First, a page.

1. None of this means that the work of solicitors and others in the interests of convicted persons may not be of great value. There is no doubt that the CCRC is much assisted by informed legal analysis and presentation if an application for review is made to it, and not only because its funding is not unlimited, but also because accurate legal formulation focuses the mind correctly. Sometimes, such solicitors or others can usefully undertake enquiries of their own, respecting of course the interests of third parties. On other occasions they may well, by their arguments and presentations, enlist the co-operation of the police, or the prosecution, or both: Hodgson was just such a case. The police and prosecutors ought to exercise sensible judgment when representations of this kind are made on behalf of convicted persons. If there appears to be a real prospect that further enquiry will uncover something which may affect the safety of the conviction, then there should be co-operation in making it. It is in nobody’s interests to resist all enquiry unless and until the CCRC directs it.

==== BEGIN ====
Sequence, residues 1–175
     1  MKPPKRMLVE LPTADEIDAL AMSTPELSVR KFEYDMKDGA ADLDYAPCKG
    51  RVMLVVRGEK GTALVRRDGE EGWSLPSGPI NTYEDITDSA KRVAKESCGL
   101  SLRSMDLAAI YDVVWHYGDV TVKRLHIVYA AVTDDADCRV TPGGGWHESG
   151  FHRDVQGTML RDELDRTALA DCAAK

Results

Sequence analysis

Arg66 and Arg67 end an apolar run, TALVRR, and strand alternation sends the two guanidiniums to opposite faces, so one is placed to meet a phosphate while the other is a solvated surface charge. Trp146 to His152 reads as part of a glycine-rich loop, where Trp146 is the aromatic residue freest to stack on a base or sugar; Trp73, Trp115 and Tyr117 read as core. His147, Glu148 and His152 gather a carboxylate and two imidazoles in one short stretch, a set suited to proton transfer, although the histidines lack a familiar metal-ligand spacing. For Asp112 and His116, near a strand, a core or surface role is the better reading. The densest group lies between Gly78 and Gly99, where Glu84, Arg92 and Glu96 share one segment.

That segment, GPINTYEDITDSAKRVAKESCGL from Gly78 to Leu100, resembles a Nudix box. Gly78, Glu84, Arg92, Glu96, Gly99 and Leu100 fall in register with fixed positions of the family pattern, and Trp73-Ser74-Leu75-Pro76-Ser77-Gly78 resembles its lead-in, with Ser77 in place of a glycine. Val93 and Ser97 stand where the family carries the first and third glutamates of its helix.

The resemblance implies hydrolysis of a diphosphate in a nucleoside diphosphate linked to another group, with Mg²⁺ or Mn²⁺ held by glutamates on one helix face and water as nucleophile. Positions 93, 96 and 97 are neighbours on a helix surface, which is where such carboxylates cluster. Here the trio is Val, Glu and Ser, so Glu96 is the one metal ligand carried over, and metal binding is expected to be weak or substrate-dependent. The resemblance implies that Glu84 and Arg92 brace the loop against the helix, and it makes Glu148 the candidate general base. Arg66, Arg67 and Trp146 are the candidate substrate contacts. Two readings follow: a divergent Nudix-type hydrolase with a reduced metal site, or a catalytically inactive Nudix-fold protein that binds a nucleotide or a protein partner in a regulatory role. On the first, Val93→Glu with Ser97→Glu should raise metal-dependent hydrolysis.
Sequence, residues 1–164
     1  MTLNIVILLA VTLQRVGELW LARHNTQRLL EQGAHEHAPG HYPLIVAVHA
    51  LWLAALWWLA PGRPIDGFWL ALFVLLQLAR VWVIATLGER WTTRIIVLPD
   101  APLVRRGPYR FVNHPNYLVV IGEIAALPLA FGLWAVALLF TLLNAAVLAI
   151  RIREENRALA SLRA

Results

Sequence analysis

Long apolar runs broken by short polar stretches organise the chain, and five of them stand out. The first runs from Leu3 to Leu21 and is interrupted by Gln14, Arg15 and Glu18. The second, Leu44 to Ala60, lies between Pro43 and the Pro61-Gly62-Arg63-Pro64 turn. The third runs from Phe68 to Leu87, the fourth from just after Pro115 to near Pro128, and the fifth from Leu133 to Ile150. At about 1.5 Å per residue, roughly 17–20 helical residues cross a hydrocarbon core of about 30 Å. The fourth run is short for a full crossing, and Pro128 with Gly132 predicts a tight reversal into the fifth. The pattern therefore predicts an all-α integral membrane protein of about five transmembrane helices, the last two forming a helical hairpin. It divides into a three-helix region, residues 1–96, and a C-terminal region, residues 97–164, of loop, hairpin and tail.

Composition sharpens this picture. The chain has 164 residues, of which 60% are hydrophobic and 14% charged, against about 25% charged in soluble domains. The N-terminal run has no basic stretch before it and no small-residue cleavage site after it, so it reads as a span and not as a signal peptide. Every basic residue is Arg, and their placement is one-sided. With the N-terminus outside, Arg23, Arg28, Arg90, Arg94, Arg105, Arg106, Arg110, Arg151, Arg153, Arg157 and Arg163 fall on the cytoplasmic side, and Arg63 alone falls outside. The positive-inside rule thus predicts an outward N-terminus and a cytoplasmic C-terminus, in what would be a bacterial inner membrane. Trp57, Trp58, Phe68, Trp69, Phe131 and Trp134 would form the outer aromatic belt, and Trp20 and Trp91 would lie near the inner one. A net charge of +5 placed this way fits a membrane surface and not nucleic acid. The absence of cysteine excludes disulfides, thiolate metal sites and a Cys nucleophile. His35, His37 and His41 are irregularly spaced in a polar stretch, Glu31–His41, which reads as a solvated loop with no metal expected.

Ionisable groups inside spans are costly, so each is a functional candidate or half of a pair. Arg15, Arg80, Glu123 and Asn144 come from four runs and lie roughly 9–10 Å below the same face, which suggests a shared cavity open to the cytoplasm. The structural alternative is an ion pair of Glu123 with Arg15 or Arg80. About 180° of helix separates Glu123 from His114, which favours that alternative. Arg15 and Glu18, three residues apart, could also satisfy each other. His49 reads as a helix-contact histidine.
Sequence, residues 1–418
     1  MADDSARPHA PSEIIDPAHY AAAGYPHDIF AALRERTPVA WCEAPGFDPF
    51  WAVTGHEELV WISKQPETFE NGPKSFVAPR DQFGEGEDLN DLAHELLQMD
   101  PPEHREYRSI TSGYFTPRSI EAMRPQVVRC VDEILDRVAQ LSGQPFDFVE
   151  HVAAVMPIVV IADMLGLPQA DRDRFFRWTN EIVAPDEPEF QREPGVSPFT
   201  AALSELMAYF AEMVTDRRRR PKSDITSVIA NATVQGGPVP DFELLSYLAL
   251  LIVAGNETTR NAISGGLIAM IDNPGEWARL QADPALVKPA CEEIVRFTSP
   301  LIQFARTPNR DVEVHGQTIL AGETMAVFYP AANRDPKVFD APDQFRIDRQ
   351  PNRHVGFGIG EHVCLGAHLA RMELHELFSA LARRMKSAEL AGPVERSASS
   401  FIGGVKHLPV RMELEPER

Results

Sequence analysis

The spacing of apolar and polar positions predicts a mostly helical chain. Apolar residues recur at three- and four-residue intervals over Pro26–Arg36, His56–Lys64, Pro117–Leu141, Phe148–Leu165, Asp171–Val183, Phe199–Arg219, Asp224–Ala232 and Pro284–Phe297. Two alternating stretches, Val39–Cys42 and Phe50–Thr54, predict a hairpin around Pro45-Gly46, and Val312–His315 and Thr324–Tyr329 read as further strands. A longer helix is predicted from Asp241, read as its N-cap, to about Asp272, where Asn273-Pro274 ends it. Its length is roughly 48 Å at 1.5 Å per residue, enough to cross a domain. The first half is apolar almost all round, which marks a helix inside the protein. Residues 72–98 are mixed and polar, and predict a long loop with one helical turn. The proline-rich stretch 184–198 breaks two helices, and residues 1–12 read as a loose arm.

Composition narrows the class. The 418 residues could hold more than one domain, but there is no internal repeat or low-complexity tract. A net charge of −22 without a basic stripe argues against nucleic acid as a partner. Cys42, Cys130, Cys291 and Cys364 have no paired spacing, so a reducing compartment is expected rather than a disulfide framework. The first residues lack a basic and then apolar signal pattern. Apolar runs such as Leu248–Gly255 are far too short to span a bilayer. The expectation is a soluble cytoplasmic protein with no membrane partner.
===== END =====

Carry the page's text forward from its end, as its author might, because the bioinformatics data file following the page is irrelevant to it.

1. It is enough to determine the instant appeal that after conviction there is no indefinitely continuing duty on the police or prosecutor either in the same form as existed pre-trial or to respond to whatever enquiries the defendant may make for access to the case materials to allow re-investigation. The duty is properly stated at para 72 of the Attorney General’s guidelines, read as explained in para 30 above, with the addition that if there exists a real prospect that further enquiry may reveal something affecting the safety of the conviction, that enquiry ought to be made.
  1. The Divisional Court held that there was no basis for concluding that any of the enquiries made in the present case go beyond the simply speculative and satisfy this latter condition. This court has, rightly, been pressed with argument chiefly on the principled point of law rather than on the facts of this case. This appeal ought not, however, to be left without the observation that the fact that DNA testing is one of the things sought does not by itself answer the question whether the request has a real prospect of uncovering material affecting the safety of the conviction. The request for sight of all forensic science working papers so that the scientists’ work